I think it was going for a mix of comedy, action and intrigue, perhaps along the lines of "Midnight Run." Certainly, it did not achieve this.
The most notable thing about the movie is how forgettable it is... quite literally. I saw the film last night, got busy with other things, and forgot that I had to write this review.
Charlize Theron is pretty much the only thing interesting or compelling about it. She plays Elaine Markinson, the co-president of a shady pharmaceutical company that is developing a pill that copies the psychotropic effects of marijuana, while also playing footsie with the Mexican cartel on the side. There's a scene where they pitch the drug to an even bigger company, talking about how rapidly marijuana is becoming legalized.
I kept waiting for someone to ask why if pot is heading toward universal legality, anyone needs to buy a pill that simulates it?
Anyway, Elaine is a real piece of work, a land shark with absolutely no regard for others. Swims, eats, and f*cks, baby.
There's a pivotal scene where she berates herself for momentarily showing signs of basic humanity, which she interprets as weakness. A former beauty queen who enthusiastically wields sex as a weapon, Elaine divides the world into winners, and everybody else. "Guilt is for losers" is her mantra.
Her partner is Richard Rusk (Joel Edgerton), her gender opposite but spiritual mirror, so there's no surprise the two are carrying on an affair. Though the word "affair" connotes some sort of emotional connection, of which neither is capable. Richard is the type of guy who, when he's thirsty, doesn't bother asking his secretary to fetch him something, simply bellowing into the intercom, "I'm thirsty."
The ostensible main character is Harold Soyinka (David Oyelowo), a Nigerian immigrant who has discovered the American Dream isn't what it's cracked up to be. Married to a spendthrift (Thandie Newton, utterly wasted) who has driven them deep into debt, Harold is the quintessential white knight, a guy who believes that those who do good will find it returned to them.
Harold believes Richard is his friend, who gave him a job out of kindness. He couldn't be more wrong.
The running joke is that everybody in the movie is on some level out to get Harold. He's the patsy, the pushover, the naïf, the guy who's kept in the dark until it's time to pin something on him. Even one character, who shows up rather late in the game and whose mission is to save Harold, ends up trying to turn the screws to his advantage.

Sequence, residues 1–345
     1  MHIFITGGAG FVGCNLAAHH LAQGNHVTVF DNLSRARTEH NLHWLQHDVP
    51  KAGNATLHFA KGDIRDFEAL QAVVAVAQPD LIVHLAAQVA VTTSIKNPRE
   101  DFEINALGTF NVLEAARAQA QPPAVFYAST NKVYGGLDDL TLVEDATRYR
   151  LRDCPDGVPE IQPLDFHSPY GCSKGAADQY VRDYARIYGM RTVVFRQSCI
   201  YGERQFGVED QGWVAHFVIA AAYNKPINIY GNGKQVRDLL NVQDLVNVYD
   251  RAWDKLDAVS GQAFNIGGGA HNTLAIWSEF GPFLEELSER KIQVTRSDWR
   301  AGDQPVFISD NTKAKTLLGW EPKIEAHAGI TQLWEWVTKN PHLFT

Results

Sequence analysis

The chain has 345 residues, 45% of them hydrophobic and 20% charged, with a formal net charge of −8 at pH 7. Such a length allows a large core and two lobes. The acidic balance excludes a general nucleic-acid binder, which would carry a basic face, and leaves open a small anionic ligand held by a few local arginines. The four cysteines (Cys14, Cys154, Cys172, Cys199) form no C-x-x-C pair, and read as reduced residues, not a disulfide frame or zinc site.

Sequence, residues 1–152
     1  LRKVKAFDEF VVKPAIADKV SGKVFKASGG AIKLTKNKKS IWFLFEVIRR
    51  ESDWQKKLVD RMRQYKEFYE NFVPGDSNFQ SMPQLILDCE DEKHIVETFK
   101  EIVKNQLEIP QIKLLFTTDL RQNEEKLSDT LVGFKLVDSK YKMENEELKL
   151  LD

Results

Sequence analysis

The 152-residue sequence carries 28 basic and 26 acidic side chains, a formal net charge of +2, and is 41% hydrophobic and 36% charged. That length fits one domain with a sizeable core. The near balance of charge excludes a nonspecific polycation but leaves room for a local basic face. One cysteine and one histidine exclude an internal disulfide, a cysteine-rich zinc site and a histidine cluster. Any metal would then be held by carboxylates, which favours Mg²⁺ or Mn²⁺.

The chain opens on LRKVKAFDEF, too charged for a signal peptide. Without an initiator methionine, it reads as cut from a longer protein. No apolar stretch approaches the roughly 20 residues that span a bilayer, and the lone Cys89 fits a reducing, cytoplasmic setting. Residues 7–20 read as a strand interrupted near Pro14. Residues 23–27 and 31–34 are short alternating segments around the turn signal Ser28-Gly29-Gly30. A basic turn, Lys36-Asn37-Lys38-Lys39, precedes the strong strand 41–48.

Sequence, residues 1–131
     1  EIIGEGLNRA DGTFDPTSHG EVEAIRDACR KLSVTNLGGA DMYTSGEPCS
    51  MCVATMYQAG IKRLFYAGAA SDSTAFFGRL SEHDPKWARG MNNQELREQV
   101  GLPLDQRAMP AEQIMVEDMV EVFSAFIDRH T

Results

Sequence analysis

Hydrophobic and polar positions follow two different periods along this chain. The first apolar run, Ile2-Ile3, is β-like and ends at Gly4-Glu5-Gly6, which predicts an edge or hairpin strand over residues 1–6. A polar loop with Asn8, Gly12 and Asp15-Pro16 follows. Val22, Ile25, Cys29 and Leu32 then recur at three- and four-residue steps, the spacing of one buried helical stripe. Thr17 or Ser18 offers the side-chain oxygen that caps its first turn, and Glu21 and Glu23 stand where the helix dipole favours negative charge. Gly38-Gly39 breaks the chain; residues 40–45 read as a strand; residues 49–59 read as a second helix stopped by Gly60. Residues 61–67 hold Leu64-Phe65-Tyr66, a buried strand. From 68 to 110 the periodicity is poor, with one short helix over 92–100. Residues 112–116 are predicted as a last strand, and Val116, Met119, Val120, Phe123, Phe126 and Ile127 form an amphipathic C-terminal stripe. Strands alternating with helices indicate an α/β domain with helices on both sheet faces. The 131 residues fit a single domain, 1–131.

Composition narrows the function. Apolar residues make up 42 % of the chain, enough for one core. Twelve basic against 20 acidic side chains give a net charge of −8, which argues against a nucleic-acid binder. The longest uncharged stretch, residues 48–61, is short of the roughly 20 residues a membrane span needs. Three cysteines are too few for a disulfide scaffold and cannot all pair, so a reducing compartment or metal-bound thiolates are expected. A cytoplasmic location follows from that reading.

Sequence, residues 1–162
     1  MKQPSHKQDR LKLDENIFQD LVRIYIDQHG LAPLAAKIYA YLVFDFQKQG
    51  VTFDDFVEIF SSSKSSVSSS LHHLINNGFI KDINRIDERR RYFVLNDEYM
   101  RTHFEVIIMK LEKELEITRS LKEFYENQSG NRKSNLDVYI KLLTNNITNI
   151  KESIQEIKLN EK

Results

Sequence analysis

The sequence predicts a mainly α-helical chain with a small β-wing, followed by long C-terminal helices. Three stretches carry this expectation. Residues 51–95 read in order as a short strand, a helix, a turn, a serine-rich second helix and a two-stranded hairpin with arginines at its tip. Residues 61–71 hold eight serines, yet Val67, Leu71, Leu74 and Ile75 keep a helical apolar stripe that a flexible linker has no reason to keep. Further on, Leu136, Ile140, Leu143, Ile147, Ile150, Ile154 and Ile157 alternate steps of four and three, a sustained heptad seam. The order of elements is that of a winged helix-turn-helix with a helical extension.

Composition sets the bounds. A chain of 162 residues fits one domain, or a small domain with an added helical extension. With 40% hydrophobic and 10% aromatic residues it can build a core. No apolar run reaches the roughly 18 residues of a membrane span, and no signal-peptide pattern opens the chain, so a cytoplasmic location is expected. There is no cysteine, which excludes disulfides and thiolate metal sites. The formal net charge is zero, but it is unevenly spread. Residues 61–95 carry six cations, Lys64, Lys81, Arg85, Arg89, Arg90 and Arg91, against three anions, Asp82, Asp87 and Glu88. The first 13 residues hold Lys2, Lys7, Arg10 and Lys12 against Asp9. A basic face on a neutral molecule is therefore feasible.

Harold has been making regular trips down to Mexico to oversee the company's operation there. Some inventory has turned up missing, which concerns him. He's also heard the company, Prometheon, may be swallowed up by a much larger competitor and he'll likely be out of work. Still, he soldiers on, doing good by everyone he interacts with -- even bringing Chicago barbecue to their head of security south of the border (Yul Vazquez).
What he doesn't know is Richard and Elaine have been secretly selling part of their stock to a Mexican drug lord. On the latest trip down south, things go awry, some blood is spilled and Harold is made wise to all those who have betrayed him.
Finally growing some moxie, Harold remembers the company has a kidnapping insurance policy for their executives, and hatches a scheme to blackmail them for $5 million. But it turns out Harold is worth more to them dead than a live, and soon it's all chase-chase and bang-bang.
Sitting on the sidelines of the story, without ever really providing a clear view of their role in it, are Amanda Seyfried and Harry Treadaway as Sunny and Miles, American tourists who have an ulterior purpose for their trip to Mexico.
Sharlto Copley turns up as a mercenary hired to rescue, then kill, Harold. He's recently had a change of heart and vocation in his own life, but we'll see if his newly kinder, gentler instincts will prevail.
Directed by Nash Edgerton (Joel's brother) from a script by Matthew Stone and Anthony Tambakis, "Gringo" is the sort of cinematic fodder that arrives in between behemoth releases, and is quickly crushed and forgotten. And probably deserves to be.
Wednesday, March 7, 2018
What an awful and disjointed mess.
I never read the popular children's novel by Madeleine L'Engle (or even knew it existed, for that matter). But any movie should be able to stand on its own from its source material, especially one aimed at a YA audience of 9- to 13-year-olds. Instead, we get a big-budget movie that requires a written program and screen subtitles just to approach basic comprehensibility.
Directed by Ava DuVernay ("Selma") from a screenplay by Jennifer Lee and Jeff Stockwell, "A Wrinkle in Time" is the story of a brave, precocious girl who goes on spiritual and inter-dimensional trip across the universe in search of her long-lost father, a dreamer and voyager, who abandoned the family out of a sense of higher purpose.